Minns is a former Episcopalian who was named a bishop in the Church of Nigeria in 2006, and said that before retirement he traveled there about six times annually. “My initial calling was to provide pastoral care and connection for the significant number of Nigerian Anglicans who were living in America.” His ministry expanded beyond Nigerians as the leader of the Convocation of Anglicans in North America, which eventually became one of the founding entities of ACNA.

Regarding Beach’s characterization of “gay Anglican” as an “in your face” provocation, Valk said that was not his intent. The carefully worded bishops’ pastoral statement was the result of more than a year of research, writing, and editing, and Valk said “I took the College of Bishops at their word, that they put exactly, precisely, without possibility of misinterpretation – they put exactly what they wanted to in the provincial statement. … They didn’t say that the word Anglican was some equally sacred word as the word Christian.”

He disagrees with the pastoral statement’s lengthy discussion of “why we cannot modify the word Christian in any way,” Valk said, but he nevertheless honored that stricture in writing the gay Anglican letter. “After the fact, applying this same standard now to the word ‘Anglican’ — I can only describe that as moving the goalposts.”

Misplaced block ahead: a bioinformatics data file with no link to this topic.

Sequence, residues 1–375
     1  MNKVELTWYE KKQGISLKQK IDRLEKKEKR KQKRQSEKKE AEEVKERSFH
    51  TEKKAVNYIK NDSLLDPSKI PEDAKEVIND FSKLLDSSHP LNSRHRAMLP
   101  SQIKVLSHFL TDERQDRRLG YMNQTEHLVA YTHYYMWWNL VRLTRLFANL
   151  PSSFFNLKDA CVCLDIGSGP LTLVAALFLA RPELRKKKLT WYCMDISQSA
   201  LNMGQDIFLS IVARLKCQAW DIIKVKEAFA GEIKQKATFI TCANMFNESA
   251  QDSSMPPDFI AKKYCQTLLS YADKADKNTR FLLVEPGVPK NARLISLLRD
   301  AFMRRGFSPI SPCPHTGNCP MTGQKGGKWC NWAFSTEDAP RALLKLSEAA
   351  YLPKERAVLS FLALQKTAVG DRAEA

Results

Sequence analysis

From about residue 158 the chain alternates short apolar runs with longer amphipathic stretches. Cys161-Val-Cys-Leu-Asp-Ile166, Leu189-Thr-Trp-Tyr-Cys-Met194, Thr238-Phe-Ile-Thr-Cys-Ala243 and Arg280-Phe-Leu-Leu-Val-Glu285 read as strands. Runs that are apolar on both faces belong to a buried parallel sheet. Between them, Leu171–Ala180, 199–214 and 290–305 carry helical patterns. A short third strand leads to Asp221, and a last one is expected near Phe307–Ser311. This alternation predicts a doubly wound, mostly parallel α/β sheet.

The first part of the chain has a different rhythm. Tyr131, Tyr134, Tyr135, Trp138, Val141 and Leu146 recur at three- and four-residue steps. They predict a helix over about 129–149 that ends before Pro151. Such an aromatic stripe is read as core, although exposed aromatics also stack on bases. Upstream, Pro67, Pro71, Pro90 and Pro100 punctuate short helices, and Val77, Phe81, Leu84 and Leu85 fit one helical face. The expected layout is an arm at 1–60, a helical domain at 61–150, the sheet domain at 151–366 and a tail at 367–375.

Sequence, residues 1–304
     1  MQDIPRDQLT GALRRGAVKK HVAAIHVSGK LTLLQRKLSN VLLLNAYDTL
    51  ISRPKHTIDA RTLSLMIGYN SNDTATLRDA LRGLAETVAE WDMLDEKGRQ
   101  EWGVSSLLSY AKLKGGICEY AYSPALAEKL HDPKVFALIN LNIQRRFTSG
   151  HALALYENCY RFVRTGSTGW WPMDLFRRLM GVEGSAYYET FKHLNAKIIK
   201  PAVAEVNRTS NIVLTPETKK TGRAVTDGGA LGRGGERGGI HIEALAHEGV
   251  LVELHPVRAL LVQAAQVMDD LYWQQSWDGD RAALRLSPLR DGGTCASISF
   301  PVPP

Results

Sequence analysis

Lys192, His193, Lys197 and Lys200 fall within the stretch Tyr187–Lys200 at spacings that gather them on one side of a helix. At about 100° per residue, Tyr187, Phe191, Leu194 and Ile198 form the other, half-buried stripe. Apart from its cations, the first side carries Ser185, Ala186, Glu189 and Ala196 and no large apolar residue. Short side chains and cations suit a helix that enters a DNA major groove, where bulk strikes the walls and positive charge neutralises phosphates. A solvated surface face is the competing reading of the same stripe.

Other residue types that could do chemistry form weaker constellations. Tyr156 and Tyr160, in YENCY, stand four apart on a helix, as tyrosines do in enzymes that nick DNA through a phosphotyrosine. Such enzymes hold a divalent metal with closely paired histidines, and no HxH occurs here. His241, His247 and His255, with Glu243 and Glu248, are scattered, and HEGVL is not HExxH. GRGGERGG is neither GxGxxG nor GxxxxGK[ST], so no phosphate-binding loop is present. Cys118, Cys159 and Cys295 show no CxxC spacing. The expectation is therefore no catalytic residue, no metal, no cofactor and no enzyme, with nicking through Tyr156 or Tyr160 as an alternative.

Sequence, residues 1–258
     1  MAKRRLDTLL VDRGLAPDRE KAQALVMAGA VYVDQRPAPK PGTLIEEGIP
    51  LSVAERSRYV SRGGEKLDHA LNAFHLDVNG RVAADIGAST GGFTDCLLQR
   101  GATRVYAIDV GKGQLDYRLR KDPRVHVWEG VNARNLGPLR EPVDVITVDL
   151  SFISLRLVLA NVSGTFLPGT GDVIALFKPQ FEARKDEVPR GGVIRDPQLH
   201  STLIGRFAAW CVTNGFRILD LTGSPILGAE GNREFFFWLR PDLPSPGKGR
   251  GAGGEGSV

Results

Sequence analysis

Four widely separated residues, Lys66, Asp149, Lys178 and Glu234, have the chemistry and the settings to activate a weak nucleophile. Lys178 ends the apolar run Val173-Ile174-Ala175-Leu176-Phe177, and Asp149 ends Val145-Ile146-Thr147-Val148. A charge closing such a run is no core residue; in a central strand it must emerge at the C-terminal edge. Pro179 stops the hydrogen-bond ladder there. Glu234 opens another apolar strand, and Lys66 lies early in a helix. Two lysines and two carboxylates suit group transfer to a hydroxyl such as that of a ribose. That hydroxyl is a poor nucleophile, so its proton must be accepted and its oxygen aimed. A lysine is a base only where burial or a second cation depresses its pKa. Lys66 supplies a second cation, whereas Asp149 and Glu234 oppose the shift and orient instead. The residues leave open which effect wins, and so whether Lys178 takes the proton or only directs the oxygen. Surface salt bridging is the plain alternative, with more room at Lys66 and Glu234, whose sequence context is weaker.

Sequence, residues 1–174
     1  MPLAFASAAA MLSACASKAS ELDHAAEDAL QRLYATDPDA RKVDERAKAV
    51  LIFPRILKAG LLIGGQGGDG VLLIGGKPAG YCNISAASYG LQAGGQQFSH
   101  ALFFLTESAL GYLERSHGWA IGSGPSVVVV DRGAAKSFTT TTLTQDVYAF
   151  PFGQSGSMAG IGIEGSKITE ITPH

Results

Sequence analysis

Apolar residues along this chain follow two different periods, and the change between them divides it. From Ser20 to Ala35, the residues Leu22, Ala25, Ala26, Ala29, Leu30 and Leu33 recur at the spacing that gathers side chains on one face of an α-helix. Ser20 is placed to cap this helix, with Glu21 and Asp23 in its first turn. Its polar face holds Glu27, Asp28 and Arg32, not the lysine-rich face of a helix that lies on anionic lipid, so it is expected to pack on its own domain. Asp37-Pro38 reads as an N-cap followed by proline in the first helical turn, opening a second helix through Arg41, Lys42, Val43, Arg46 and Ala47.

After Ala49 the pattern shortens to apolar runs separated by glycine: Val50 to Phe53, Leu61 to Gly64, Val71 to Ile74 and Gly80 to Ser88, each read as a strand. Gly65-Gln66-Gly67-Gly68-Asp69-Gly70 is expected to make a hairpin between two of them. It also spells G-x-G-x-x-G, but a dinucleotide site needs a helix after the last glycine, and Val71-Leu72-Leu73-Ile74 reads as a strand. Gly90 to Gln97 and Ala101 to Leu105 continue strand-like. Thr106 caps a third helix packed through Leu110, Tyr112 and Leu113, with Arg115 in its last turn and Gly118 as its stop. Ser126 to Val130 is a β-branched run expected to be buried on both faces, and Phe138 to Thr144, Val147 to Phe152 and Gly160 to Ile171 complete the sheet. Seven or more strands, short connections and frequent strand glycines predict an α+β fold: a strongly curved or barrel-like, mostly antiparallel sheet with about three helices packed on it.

Valk hopes to be ordained as a deacon in the ACNA, and said the current controversy has done nothing to change that. He spoke about the Bible verses that often are quoted in opposition to homosexuality, and said “the most reasonable conclusion, and certainly the teaching of the church historically, has been that what we should take from those verses is that same-sex sexual and romantic activity are sins.”

“None of us who signed the Dear Gay Anglicans letter disagree with the top-line theology of the provincial statement,” he added.

“I believe the testimonies of some people … that God has changed their sexual orientation. The question is, how likely is that? How frequent is that? Should we expect that to be the norm?” He added, “the data we have is that 96, 97 percent of the time, when people participate in sexual-orientation change efforts, they experience no change in their sexual orientation or their same-sex attraction.”

Among the signatories of the letter was Bishop Grant LeMarquand, a professor at Trinity School of Ministry who recently served as interim bishop of ACNA’s Diocese of the Great Lakes. He said by email he had taken his name off the letter for unspecified reasons. He agreed to speak with TLC after initially declining to do so, but the connection has not been made as of this writing.

Archbishop Beach’s spokesperson did not respond to two calls seeking comment about whether LeMarquand and the various priests who signed the letter would face disciplinary action, as demanded by Archbishop Ndukuba. In his internal message to clergy, Beach wrote “if you are one of the clergy who signed on to this, I expect you to send me an email explaining why you signed a letter and beginning a private, non-punitive, conversation with me about your concerns.”